Jane Pauley to discuss new book

Former NBC “Today” show host Jane Pauley will bring inspiring stories of mid-life reinvention featured in her new book to the Indiana University-Purdue University Indianapolis campus on March 14.

A familiar face on morning, daytime and prime-time television for more than 30 years, Pauley, an Indiana native who graduated from IU Bloomington, will sit down with fellow IU alumna Megan Fernandez, Indianapolis Monthly executive editor, to discuss her new book, “Your Life Calling: Reimagining the Rest of Your Life.”

Pauley has become one of broadcasting’s most respected journalists — most recently, for the award-winning “Your Life Calling” segment (now titled “Life Reimagined Today”) on the “Today” show. In recent years, Pauley has crisscrossed the country meeting and profiling men and women in their 50s and older who see the future as an opportunity for reinvention rather than retirement.

Since the first episode, “The Joy of Socks,” aired in 2010 on NBC, Pauley has profiled 25 remarkable people whose personal reinvention informs and inspires. Now she brings these stories to the page, looking to inspire others to imagine their own future in powerful and positive ways.

“The people Jane writes about exemplify the spirit of the liberal arts tradition,” said Larry Singell, executive dean of the College of Arts and Sciences at IU Bloomington, where Pauley received a degree in political science in 1972. “When students prepare, in the liberal arts tradition, to question critically, act creatively and live ethically, they are ready to succeed at any number of careers and at any juncture in life.”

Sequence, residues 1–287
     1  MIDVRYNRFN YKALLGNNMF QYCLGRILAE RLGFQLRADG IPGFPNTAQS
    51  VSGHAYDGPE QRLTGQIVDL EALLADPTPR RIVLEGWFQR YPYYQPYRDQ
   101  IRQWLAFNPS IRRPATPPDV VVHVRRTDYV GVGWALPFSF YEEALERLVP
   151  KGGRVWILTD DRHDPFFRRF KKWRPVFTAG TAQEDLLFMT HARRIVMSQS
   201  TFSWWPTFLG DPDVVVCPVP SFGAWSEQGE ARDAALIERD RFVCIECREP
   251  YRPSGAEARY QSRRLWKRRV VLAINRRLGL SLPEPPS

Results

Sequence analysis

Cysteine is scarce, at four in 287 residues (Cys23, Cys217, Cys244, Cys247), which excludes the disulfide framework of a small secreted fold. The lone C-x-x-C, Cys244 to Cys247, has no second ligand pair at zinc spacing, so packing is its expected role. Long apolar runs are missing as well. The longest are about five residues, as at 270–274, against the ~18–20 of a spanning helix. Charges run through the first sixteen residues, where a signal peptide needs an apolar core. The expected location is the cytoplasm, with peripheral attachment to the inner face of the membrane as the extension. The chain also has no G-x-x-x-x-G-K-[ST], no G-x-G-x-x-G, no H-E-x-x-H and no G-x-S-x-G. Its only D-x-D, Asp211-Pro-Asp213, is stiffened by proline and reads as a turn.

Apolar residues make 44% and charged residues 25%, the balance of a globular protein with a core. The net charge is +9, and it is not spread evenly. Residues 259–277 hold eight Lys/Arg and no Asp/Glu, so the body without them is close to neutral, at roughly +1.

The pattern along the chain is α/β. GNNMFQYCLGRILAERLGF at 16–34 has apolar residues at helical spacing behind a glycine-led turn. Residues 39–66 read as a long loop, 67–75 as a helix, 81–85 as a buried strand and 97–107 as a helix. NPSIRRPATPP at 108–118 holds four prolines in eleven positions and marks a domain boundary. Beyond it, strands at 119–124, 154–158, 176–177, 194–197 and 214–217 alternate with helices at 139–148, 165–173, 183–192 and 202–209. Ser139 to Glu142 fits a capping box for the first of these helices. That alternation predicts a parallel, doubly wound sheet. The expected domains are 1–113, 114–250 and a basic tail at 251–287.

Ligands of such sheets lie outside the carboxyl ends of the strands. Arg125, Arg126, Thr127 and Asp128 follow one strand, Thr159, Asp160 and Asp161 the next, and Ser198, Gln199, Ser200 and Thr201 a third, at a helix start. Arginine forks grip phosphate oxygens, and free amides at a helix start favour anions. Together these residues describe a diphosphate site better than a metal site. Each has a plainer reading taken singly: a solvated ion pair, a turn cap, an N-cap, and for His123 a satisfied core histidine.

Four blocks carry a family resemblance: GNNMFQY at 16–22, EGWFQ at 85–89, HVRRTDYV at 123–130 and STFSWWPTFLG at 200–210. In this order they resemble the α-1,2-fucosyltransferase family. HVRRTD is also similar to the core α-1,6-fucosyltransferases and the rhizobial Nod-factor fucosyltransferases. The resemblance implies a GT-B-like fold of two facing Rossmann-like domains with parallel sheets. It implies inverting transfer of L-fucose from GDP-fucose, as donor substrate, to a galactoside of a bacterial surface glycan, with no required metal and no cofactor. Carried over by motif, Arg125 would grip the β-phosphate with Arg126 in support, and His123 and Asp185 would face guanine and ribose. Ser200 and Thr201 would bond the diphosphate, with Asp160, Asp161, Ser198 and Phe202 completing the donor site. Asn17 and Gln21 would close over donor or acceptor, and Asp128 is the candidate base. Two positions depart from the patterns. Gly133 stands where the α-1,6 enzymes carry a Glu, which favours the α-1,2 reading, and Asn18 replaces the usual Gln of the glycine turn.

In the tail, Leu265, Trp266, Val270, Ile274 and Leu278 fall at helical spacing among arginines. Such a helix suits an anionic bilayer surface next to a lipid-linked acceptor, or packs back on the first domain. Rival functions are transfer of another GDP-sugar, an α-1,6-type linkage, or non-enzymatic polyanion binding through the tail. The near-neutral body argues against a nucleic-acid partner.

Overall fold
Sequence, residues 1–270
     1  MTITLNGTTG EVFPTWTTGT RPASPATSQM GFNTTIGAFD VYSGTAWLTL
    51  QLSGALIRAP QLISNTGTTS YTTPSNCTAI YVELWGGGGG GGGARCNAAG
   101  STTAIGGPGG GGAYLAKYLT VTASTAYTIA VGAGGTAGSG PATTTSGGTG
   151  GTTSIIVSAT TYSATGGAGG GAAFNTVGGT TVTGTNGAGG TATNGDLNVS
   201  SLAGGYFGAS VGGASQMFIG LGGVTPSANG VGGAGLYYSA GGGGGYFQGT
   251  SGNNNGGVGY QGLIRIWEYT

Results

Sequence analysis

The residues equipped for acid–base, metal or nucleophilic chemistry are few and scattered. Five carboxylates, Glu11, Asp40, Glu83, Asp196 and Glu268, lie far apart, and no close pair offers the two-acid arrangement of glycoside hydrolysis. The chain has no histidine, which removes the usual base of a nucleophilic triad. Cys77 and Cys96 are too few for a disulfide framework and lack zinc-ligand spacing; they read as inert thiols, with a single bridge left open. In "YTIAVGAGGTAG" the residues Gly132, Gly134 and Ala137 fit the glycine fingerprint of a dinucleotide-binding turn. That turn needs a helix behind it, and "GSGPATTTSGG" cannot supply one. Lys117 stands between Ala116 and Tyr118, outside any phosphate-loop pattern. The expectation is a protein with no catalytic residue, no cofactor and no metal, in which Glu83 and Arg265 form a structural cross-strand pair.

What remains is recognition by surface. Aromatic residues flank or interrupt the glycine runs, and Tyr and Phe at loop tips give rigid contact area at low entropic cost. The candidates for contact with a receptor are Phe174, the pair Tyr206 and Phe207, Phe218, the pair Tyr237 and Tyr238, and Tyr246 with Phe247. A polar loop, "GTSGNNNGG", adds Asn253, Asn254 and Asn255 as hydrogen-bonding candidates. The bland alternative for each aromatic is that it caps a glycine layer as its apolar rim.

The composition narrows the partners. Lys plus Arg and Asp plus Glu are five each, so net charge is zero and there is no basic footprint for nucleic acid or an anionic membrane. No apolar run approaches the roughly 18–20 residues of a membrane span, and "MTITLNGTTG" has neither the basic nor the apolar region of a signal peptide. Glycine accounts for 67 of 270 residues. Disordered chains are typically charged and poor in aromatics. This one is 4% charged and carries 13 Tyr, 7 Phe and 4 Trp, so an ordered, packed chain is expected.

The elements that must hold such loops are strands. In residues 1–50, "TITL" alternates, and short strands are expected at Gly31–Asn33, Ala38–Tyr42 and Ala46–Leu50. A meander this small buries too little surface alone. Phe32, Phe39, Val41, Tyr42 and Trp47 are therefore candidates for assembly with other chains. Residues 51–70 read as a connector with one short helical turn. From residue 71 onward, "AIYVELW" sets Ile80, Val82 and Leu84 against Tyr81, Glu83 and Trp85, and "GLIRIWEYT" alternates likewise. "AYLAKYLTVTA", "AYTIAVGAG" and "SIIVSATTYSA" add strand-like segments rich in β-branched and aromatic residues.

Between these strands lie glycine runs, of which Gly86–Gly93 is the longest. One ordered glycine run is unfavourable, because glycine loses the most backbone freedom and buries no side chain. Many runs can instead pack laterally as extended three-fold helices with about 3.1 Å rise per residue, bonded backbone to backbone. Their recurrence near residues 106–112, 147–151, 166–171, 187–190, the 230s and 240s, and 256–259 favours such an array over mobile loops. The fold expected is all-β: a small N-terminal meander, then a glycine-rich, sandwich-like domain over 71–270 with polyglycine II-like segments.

The event will take place at noon on March 14 in Room 450 at the IUPUI Campus Center, 420 University Blvd. A light lunch will be provided. Pauley will sign copies of her book after the interview.

The event, sponsored by the IU College of Arts and Sciences Alumni Board, is free to Indiana University Alumni Association members and $10 for non-IUAA members. Registration is required, and attendance is limited to the first 150 people who register.

McDonald Merrill Ketcham Award Lecture: “Are Physicians Fiduciaries for Their Patients?”

Thursday February 20, 2014
12:45 – 3:45 p.m.
Wynn Courtroom, Inlow Hall

Maxwell J. Mehlman, J.D., will present “Are Physicians Fiduciaries for Their Patients?” from 12:45 to 1:45 p.m. A panel discussion, then reception will follow the lecture.

A fiduciary is a legal or ethical relationship of trust between two or more parties. The patient-physician relationship would seem to be a classic example of a fiduciary relationship given the need for ill-informed patients lacking bargaining power to trust their physicians, but many scholars and judges have questioned this assumption. The lecture examines the reasons for their skepticism and argues that they are misguided. Mehlman argues that regarding doctors as fiduciaries for their patients not only is essential for the patients’ well-being, but necessary to preserve the physicians’ status as learned professionals in the face of increasing pressure to act contrary to their patients’ interests.

A speaker’s reception will be held from 2:45 to 3:45 in the Inlow Hall atrium. This event is part of the McDonald Merrill Ketcham Award Lecture series presented by the Hall Center for Law and Health at the IU Robert H. McKinney School of Law.

This is a free event, but registration is required.

Panel Discussion following Professor’s Mehlman’s lecture:

  • Mary Ott, M.D., M.A., Associate Professor of Pediatrics, Indiana University School of Medicine
  • Joshua Perry, J.D., M.T.S., Assistant Professor of Business Law and Ethics and a Life Sciences Research Fellow, Indiana University Kelley School of Business